The Ravens yesterday unveiled plans for $35M in renovations to M&T Bank Stadium, a two-phase project which "will begin in the next seven to 10 days," according to Jeff Zrebiec of the Baltimore SUN. The first phase, "focusing on the lower concourse and video boards," is scheduled to be completed before the team's preseason home opener in August. The second phase, "which will be on the upper concourse," should be done in time for the start of the '14 season. Upgrades include "four new LED boards," and two HD boards that will "greet those who enter ... from Gates A or D, showing live game broadcasts and Ravens’ highlights." The lower concourse will have "a completely new look with open-kitchen styled concession stands, expanded team retail stores, wood and steel columns and purple lighting." The upper concourse will "undergo a similar transformation one year later." Ravens President Dick Cass said that the organization "will assume most" of the project’s $35M cost. However, the Ravens have "asked the Maryland Stadium Authority to assume a 'small portion' of the cost, stemming from the installation of new directional signage throughout the stadium." Aramark, which runs concessions at the stadium, also will "contribute some money in exchange for the team extending the agreement with them for several years." The "first order of business will be the re-design of all 16 lower concourse concession stands." The new open concessions will "allow customers to watch their order as it is prepared, along with providing digital menu boards, more space, better equipment and refurbished condiment stands." The concourse renovation also will include "wrapping the current concrete support columns in brick and adding purple uplighting and enhanced signage" (Baltimore SUN, 2/22).
BIRDS' EYE VIEWS: In Baltimore, Ryan Sharrow noted the Ravens' new HD videoboards, "which have split-screen capabilities, will display a variety of content, ranging from in-game action, highlights, stats, welcome messaging and entertainment video." The new LED videoboards will be "placed on each side of the two giant RavensVision HD video boards in the stadium’s inner bowl." Additionally, "new LED ribbon boards will be installed to connect fully around the entire middle seating bowl." Meanwhile, all four retail stores inside the stadium will be remodeled, "slightly increasing the size of each and providing a wider variety of merchandise for fans" (BIZJOURNALS.com, 2/21).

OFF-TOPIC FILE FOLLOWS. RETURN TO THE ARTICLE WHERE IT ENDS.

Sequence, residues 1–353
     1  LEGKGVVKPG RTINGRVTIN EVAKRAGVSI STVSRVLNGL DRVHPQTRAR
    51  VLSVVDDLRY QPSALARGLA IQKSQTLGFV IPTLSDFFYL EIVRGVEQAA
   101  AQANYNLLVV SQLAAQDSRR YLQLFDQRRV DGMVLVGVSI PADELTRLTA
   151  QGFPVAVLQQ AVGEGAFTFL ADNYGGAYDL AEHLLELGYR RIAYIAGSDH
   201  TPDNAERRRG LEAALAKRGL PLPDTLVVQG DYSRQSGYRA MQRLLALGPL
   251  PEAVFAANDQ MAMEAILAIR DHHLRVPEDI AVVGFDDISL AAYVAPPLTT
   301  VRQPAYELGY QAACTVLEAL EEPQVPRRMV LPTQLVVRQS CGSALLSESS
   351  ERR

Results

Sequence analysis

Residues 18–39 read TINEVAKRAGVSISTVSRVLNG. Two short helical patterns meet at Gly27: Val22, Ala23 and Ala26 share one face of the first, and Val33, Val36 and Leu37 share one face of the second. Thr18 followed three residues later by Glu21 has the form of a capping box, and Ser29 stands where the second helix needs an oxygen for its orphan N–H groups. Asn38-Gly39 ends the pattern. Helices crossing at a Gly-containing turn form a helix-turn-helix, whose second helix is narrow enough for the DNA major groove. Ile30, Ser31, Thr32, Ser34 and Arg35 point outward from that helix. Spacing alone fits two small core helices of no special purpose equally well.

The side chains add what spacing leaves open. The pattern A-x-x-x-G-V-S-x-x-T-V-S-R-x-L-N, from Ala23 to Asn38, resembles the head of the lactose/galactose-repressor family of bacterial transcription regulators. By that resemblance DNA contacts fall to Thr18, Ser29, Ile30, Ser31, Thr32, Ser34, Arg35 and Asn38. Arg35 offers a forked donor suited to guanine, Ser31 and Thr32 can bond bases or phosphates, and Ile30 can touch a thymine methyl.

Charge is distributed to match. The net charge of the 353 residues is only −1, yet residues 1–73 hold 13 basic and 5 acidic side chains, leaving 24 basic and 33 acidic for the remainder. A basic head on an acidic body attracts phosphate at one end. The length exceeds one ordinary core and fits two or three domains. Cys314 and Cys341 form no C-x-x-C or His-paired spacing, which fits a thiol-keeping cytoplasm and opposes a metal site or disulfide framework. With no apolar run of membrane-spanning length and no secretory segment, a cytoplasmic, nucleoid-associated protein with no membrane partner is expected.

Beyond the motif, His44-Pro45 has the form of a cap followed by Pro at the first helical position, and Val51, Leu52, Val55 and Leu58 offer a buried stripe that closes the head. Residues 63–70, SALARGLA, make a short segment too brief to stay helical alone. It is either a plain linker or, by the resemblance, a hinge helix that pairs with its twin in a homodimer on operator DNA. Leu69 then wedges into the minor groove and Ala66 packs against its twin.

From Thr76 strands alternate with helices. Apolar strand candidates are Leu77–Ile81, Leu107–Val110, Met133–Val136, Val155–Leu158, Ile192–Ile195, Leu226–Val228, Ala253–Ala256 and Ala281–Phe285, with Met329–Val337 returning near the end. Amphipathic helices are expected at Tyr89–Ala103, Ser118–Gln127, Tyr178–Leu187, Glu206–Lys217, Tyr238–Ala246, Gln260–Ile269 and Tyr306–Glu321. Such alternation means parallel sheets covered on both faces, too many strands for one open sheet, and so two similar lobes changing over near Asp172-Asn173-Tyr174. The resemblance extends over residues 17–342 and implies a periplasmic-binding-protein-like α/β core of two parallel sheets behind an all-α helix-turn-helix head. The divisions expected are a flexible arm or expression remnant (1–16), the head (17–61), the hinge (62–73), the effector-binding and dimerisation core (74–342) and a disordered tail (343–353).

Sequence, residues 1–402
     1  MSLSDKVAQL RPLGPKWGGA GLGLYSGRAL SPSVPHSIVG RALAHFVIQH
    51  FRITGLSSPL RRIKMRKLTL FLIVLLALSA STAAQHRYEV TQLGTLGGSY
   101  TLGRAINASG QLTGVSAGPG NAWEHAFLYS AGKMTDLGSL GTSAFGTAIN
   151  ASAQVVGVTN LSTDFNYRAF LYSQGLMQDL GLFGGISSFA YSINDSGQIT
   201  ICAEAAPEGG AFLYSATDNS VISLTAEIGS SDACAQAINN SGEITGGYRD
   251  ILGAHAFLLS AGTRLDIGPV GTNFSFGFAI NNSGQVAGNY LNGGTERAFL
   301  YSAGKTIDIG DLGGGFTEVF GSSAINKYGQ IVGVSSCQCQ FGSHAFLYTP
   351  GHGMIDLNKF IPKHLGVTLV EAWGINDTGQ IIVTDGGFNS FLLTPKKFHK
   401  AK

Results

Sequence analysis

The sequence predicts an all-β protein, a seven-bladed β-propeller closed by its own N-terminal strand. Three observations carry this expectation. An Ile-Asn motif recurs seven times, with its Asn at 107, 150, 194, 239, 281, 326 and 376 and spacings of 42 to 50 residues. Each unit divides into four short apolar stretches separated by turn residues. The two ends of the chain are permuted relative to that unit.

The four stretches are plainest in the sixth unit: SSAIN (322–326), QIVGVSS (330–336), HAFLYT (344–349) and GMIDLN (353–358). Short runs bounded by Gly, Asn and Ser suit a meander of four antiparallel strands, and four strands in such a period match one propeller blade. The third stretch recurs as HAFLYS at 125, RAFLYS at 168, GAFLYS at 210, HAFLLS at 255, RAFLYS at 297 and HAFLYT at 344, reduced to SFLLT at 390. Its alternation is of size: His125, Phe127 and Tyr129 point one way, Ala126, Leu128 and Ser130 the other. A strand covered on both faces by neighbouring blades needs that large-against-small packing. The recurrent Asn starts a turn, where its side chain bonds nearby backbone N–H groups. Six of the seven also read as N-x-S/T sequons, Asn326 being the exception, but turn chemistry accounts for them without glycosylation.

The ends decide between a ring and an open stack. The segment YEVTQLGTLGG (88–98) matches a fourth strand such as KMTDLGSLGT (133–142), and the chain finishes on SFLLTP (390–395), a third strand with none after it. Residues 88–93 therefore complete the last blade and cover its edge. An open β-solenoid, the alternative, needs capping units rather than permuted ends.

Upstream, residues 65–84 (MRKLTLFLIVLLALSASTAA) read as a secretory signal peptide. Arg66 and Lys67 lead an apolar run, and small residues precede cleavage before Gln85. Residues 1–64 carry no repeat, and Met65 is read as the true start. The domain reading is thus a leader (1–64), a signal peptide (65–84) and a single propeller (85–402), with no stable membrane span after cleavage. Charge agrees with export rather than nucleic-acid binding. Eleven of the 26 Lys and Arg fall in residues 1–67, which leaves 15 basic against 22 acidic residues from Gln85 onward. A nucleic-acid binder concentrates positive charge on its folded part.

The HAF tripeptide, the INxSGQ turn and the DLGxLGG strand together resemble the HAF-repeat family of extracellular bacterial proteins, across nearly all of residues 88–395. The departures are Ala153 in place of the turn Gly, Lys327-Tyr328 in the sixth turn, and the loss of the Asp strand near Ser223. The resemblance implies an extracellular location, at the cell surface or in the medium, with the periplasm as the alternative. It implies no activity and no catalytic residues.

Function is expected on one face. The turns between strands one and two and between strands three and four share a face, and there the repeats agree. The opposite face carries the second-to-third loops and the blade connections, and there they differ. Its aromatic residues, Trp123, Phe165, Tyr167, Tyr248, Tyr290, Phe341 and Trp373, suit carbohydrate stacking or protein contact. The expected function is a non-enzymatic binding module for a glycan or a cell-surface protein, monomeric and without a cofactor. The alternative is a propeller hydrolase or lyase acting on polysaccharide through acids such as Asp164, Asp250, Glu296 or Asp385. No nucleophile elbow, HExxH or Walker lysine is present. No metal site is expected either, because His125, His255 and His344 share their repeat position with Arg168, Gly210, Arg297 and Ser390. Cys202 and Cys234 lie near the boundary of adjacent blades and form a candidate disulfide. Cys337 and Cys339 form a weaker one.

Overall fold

The Indian Wells, Calif., City Council on Thursday voted unanimously to give BNP Paribas Open officials "the green light to begin the process of making the annual tennis tournament bigger not just locally, but on an international level," according to Colin Atagi of the Palm Springs DESERT SUN. Plans to expand the Indian Wells Tennis Garden "call for an 8,000-seat stadium about 100 yards east of the existing stadium, a 2,000-space grass parking lot, new restaurants and other amenities." Construction "may begin March 18 -- the day after this year’s tourney ends." Tournament officials "plan to finish" the $70M project in time for the '14 tournament. Their goal is to "increase attendance from 370,000 to 500,000 in five years." The BNP Paribas Open currently is the "fifth-largest tourney in the world, but an attendance of 500,000 people would put it above Wimbledon and the French Open." Tournament CEO Raymond Moore said there is “heightened interest” among Grand Slam officials in visiting Indian Wells (Palm Springs DESERT SUN, 2/22).
The American Civil Liberties Union on Thursday called on Florida Atlantic Univ. to "reconsider naming its football stadium for a group that runs prisons” after the school announced a 12-year, $6M naming rights deal with Boca Raton-based GEO Group, according to Hal Habib of the PALM BEACH POST. The ACLU also is “asking the school to disassociate itself from GEO Group, whose CEO, George Zoley, is an FAU alumnus.” GEO Group VP/Corporate Relations Pablo Paez, also an FAU alumnus, said that he was “confident the public ‘will come around’ once it recognizes the positive impact the agreement will have on the university and the area.” ACLU National Prison Project attorney Carl Takei in a statement said, “An educational institution needs to carefully consider the long-term impact on its reputation, its students and its faculty. There are costs to its legacy that the university needs to calculate” (PALM BEACH POST, 2/22). In Ft. Lauderdale, Dieter Kurtenbach wrote public reaction to the naming rights deal "has been swift and negative." GEO Group's Wikipedia page since the announcement “has been edited 23 times -- in 2012, it was edited a total of 11 times” (SUN-SENTINEL.com, 2/21). The HUFFINGTON POST’s Jesse Lava wrote the changes to GEO Group's Wikipedia page may be an effort to “minimize the damage.” All the edits “appear to have been performed by someone named Abraham Cohen, and there just happens to be an Abraham Cohen employed by the GEO Group as a spokesman” (HUFFINGTONPOST.com, 2/20).